EMarketer Predicts Graying Of The Internet

Two-thirds of adults ages 50 to 64 use the Internet, and as they age, will significantly alter the digital landscape, according to an eMarketer report released Thursday.

"As boomers age, they will force change upon the companies that do business online, just as they have changed other industries at earlier stages of their lives," wrote eMarketer Senior Analyst and report author Debra Aho Williamson. "While today's seniors are a cautious bunch online, the next generation of seniors is not ... They use the Internet at home and at work, and they will carry those usage patterns over into the next phase of their lives."

The current generation of senior citizens age 65 and older are far less likely to be Internet-savvy, with just 28 percent of that group using the Web, according to the report. Williamson attributed the drop-off to the fact that these seniors retired before online access became common in the workplace.

The eMarketer report, "Seniors Online: How Aging Boomers Will Shake Up the Market," cites financial services, health care, pharmaceuticals, and real estate as just a few of the categories that will undergo "massive change" as baby boomers--the oldest of which will turn 60 in 2006--demand online services to cater to their expectations.



The report estimates that this year there are some 33.2 million 50- to-64-year-olds online--three times more than the number of online users ages 65 and older. Unlike today's seniors, boomers--those born after World War II between 1946 and 1964--are proficient broadband Internet users. Forty-four percent of Internet users ages 50 to 64 have high-speed broadband access, compared with 28 percent of those ages 65 and older.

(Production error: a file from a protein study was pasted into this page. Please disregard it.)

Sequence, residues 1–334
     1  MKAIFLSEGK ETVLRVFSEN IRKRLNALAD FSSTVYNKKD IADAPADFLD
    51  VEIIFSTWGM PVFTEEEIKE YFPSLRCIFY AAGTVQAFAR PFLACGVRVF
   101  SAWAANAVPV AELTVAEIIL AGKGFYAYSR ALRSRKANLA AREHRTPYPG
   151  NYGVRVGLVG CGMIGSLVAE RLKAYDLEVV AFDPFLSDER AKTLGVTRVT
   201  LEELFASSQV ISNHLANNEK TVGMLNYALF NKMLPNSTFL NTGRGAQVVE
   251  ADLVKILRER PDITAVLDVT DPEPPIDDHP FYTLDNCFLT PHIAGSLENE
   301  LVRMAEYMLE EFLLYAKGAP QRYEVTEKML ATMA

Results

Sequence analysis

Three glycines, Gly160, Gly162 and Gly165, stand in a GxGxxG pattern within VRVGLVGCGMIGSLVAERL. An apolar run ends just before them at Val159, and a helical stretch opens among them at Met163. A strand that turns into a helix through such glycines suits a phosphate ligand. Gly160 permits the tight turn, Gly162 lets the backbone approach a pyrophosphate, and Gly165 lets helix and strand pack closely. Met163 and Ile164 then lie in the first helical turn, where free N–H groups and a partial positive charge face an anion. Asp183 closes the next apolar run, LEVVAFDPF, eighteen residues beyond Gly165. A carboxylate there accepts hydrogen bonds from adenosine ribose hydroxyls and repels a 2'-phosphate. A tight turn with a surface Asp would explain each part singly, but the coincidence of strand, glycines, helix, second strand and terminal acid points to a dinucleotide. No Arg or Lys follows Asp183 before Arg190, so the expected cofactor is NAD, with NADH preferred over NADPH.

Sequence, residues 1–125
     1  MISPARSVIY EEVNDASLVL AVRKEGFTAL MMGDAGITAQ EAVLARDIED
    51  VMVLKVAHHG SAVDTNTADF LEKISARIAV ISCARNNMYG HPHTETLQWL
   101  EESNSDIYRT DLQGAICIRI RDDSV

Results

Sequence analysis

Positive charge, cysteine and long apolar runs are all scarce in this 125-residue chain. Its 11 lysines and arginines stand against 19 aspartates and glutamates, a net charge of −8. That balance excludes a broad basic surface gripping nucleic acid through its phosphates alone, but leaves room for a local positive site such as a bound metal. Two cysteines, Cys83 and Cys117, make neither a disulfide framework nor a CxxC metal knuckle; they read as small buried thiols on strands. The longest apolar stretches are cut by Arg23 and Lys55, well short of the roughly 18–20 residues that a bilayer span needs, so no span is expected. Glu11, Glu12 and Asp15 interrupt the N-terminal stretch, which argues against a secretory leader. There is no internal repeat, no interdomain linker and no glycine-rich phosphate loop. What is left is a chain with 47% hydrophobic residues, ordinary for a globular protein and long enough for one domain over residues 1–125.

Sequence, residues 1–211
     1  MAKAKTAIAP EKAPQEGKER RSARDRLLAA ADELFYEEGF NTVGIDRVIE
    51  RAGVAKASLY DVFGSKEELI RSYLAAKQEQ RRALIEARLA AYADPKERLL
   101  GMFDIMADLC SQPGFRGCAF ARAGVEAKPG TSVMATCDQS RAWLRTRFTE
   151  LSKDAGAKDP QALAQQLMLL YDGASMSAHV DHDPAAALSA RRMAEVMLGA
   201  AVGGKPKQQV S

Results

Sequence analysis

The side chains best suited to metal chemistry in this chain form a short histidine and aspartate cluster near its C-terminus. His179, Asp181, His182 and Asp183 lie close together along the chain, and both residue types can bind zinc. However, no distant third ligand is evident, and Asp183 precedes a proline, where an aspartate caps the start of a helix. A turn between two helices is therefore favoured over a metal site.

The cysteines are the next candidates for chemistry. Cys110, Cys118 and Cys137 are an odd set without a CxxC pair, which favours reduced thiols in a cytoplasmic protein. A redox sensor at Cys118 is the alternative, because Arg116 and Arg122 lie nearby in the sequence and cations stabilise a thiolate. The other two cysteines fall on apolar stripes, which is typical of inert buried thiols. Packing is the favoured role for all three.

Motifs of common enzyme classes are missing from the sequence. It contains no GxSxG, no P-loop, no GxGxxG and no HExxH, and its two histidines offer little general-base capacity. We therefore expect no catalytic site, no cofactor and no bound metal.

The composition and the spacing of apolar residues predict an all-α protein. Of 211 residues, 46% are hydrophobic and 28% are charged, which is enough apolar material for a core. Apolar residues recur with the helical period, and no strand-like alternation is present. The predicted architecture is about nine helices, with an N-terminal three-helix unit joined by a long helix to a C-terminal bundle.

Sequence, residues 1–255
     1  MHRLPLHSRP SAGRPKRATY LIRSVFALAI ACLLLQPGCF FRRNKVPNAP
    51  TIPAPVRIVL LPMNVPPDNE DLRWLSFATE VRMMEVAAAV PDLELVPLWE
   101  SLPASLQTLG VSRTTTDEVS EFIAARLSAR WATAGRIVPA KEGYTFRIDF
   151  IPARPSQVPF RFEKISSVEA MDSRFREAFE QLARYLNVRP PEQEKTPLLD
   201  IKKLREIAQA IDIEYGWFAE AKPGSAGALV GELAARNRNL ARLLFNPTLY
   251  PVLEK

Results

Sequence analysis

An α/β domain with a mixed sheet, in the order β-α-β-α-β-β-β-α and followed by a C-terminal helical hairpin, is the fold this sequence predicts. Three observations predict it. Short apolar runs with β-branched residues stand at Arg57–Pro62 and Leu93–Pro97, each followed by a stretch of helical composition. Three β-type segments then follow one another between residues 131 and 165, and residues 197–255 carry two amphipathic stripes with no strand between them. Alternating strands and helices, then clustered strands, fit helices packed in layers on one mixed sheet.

As boomers approach the next phase of their lives, companies will have no choice but to adjust to their largely ignored demographic, with $1 trillion in spending power, according to eMarketer.

Both age groups--50 to 64 and 65 and older--expressed a significant interest in instant messaging, which is surprising because teens and young adults are typically assumed to have a monopoly on the medium. Thirty-four percent of 50- to-64-year-olds IM, apparently, while 27 percent of those 65 and older IM, eMarketer reported.

The older the Internet user, the more willing they are on average to click on sponsored links, eMarketer reported. For those age 19 and younger, there is a 50/50 chance that they'll click through on links that seem relevant; 69 percent of 30- to-39-year-olds said they would click through; 80 percent of those ages 50 to 59; and just over 90 percent of those age 60 and older said they'd click on a sponsored link if they thought it was relevant.

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